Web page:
Orrey History, Family Crest & Coats of Arms
- Origins Available:
Early Origins of the Orrey family
The surname Orrey was first found in Ayrshire (Gaelic: Siorrachd Inbhir Àir), formerly a county in the southwestern Strathclyde region of Scotland, that today makes up the Council Areas of South, East, and North Ayrshire.
One of the first records of the name was Adam Urri who appears as burgess of Irvine in 1260 and Huwe Urry of Ayrshire who rendered homage to King Edward I of England in his brief intrusion into Scotland in 1296. Reginald Urry held land in Irvine in 1323 and William Urri resigned the lands of Fulton in 1409. 
Another branch of the family was found in the Fetteresso parish, Kincardineshire and for the most part, these names included "de" denoting "of." Hugh de Urre swore fealty at St. John of Perth and later with a different spelling as Hugh Uny at Forfar, 1296.  This latter entry is presumably another person rendering homage to King Edward I.
Further south in England where the Hurry, Hurrey and Hurrie variants tends to more popular, early records were typically found in the Latin form: Urrius de la haie c.1148 in Herefordshire; Walter, Herueus Urri in the Curia Regis Rolls for Surrey in 1208 and in the Pipe Rolls for Norfolk in 1209; Gilbert Uri in the Curia Regis Rolls for Lincolnshire in 1214; Alan Hurry in the Feet of Fines for Essex in 1219; Geoffrey Orry in the Liber Feodorum for Shropshire in 1235; and later Walter Horry for the Isle of Wight in 1290; and John Ourry in 1297. 
Early History of the Orrey family
This web page shows only a small excerpt of our Orrey research. Another 180 words (13 lines of text) covering the years 1300, 1279, 1302, 1273, 1366, 1387, 1650, 1677, 1666, 1715, 1650, 1778, 1857, 1619 and 1677 are included under the topic Early Orrey History in all our PDF Extended History products and printed products wherever possible.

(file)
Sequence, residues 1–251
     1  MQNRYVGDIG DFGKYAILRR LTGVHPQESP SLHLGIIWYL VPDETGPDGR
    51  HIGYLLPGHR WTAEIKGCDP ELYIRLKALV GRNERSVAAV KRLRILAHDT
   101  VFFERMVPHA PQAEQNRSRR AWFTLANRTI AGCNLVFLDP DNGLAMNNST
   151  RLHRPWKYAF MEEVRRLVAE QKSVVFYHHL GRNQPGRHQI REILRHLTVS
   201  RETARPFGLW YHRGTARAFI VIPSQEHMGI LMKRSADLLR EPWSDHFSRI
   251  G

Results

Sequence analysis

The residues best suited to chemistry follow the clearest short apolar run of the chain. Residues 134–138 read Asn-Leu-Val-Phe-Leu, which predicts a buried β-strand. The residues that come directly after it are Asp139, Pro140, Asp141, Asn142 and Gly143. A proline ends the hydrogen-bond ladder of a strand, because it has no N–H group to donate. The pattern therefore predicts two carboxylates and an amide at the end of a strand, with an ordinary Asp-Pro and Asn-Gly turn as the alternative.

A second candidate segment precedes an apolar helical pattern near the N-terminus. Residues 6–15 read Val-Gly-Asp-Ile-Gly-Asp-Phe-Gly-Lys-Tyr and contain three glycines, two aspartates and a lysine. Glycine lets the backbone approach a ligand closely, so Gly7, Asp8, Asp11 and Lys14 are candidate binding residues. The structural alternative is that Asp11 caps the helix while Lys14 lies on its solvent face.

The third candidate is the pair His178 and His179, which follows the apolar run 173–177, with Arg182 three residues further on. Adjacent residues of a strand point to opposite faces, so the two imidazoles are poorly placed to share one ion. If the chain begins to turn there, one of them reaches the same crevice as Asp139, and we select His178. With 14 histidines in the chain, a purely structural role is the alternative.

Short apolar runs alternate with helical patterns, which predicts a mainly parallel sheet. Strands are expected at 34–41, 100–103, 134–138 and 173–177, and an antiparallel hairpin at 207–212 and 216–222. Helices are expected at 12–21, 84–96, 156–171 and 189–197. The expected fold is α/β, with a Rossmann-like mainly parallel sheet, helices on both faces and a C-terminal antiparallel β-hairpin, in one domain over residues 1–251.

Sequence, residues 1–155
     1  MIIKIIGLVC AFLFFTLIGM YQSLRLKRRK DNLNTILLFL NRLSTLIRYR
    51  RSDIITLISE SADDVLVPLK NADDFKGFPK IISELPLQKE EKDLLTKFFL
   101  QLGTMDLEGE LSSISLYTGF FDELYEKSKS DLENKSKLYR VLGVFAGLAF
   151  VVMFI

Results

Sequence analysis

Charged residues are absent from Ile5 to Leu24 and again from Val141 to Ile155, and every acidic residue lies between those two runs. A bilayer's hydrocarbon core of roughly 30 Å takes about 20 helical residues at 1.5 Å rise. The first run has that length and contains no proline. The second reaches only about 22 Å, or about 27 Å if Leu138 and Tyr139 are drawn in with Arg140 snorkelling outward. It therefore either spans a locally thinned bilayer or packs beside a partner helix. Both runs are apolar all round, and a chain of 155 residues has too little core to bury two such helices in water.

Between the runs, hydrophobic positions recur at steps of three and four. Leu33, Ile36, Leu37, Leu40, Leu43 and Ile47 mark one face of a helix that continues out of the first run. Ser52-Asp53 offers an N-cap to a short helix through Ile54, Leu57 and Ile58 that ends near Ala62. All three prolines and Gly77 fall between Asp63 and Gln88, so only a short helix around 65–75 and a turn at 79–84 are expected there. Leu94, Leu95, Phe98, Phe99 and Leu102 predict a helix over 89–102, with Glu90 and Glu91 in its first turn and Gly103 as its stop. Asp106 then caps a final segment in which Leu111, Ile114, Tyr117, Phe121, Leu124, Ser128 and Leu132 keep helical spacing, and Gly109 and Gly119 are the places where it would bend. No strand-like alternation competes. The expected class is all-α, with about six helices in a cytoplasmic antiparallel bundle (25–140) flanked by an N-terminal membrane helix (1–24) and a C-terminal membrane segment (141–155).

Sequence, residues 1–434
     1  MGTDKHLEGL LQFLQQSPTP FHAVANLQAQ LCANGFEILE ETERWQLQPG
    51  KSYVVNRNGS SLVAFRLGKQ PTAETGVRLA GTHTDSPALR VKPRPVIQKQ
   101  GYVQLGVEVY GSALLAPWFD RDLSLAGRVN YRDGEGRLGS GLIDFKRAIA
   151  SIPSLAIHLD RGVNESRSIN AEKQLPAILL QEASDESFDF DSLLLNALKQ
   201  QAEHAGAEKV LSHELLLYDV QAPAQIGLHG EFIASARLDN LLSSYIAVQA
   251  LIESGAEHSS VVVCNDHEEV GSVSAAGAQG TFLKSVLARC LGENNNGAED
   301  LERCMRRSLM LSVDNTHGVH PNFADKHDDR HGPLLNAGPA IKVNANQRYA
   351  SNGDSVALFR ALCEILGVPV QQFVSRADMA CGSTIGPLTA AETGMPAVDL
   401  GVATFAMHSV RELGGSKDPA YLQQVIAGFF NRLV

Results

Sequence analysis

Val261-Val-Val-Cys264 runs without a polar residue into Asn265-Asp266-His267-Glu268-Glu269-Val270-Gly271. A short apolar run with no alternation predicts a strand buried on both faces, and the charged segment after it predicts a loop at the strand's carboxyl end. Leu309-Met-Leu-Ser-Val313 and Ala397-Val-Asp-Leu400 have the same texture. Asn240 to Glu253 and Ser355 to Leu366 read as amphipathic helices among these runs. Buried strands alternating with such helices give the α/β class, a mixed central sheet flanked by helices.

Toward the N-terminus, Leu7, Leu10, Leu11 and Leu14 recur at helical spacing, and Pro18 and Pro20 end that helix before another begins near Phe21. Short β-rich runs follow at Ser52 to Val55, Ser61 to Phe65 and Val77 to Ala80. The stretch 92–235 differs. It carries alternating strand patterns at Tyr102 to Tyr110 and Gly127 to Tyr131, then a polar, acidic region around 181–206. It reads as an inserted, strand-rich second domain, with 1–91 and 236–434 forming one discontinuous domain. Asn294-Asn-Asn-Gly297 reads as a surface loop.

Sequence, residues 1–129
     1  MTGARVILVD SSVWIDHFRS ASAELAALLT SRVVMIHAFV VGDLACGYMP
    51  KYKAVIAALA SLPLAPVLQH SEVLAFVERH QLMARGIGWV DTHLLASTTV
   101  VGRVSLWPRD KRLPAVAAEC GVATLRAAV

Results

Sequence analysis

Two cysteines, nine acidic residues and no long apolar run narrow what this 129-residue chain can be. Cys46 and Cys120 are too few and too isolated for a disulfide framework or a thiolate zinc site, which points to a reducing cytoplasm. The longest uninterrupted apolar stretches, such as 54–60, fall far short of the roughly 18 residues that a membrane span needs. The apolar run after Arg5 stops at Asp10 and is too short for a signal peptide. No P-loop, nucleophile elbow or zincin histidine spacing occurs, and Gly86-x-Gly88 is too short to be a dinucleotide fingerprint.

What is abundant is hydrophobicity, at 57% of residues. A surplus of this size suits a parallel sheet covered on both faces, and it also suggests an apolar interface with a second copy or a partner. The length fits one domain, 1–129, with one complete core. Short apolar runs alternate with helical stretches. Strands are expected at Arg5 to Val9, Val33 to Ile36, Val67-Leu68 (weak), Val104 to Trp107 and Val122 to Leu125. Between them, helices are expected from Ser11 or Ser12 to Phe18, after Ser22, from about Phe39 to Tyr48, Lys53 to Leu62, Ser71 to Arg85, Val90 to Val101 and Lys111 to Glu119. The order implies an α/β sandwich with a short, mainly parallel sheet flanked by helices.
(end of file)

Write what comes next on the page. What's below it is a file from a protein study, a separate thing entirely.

Orrey Spelling Variations
Spelling variations of this family name include: Urie, Ure, Urey, Hurry, Hurrie, Horrey, Orrey and many more.
Early Notables of the Orrey family (pre 1700)
Notable amongst the family at this time was Sir John Urry (or Hurry) (died 1650), a Scottish professional soldier; and his brother, Sir William Urry (died 1677), a Scottish Royalist officer during the Wars of the Three Kingdoms, he joined Charles II in exile during the Interregnum; and his son, John Urry (1666-1715), an Irish-born, Scottish noted literary editor and medieval scholar.
Isaac Ewer, Ewers or Ewres (died c.1650), was an English soldier probably born in...
Another 75 words (5 lines of text) are included under the topic Early Orrey Notables in all our PDF Extended History products and printed products wherever possible.
Orrey migration to the United States +
Some of the first settlers of this family name were:
Orrey Settlers in United States in the 17th Century
- Robert Orrey, who arrived in Virginia in 1654 
Orrey migration to Australia +
Emigration to Australia
followed the First Fleets
of convicts, tradespeople and early settlers. Early immigrants include:
Orrey Settlers in Australia in the 19th Century
- William Orrey, English convict from Lincoln, who was transported aboard the "Anna Maria" on March 6, 1848, settling in Van Diemen's Land, Australia 
Related Stories +
The Orrey Motto +
The motto was originally a war cry or slogan. Mottoes first began to be shown with arms in the 14th and 15th centuries, but were not in general use until the 17th century. Thus the oldest coats of arms generally do not include a motto. Mottoes seldom form part of the grant of arms: Under most heraldic authorities, a motto is an optional component of the coat of arms, and can be added to or changed at will; many families have chosen not to display a motto.
Motto: Sans tache
Motto Translation: Without stain.
- ^ Black, George F., The Surnames of Scotland Their Origin, Meaning and History. New York: New York Public Library, 1946. Print. (ISBN 0-87104-172-3)
- ^ Reaney, P.H and R.M. Wilson, A Dictionary of English Surnames. London: Routledge, 1991. Print. (ISBN 0-415-05737-X)
- ^ Filby, P. William, Meyer, Mary K., Passenger and immigration lists index : a guide to published arrival records of about 500,000 passengers who came to the United States and Canada in the seventeenth, eighteenth, and nineteenth centuries. 1982-1985 Cumulated Supplements in Four Volumes Detroit, Mich. : Gale Research Co., 1985, Print (ISBN 0-8103-1795-8)
- ^ State Library of Queensland. (Retrieved 2015, January 8) Anna Maria voyage to Van Diemen's Land or Port Phillip, Australia in 1848 with 190 passengers. Retrieved from http://www.convictrecords.com.au/ships/anna-maria/1848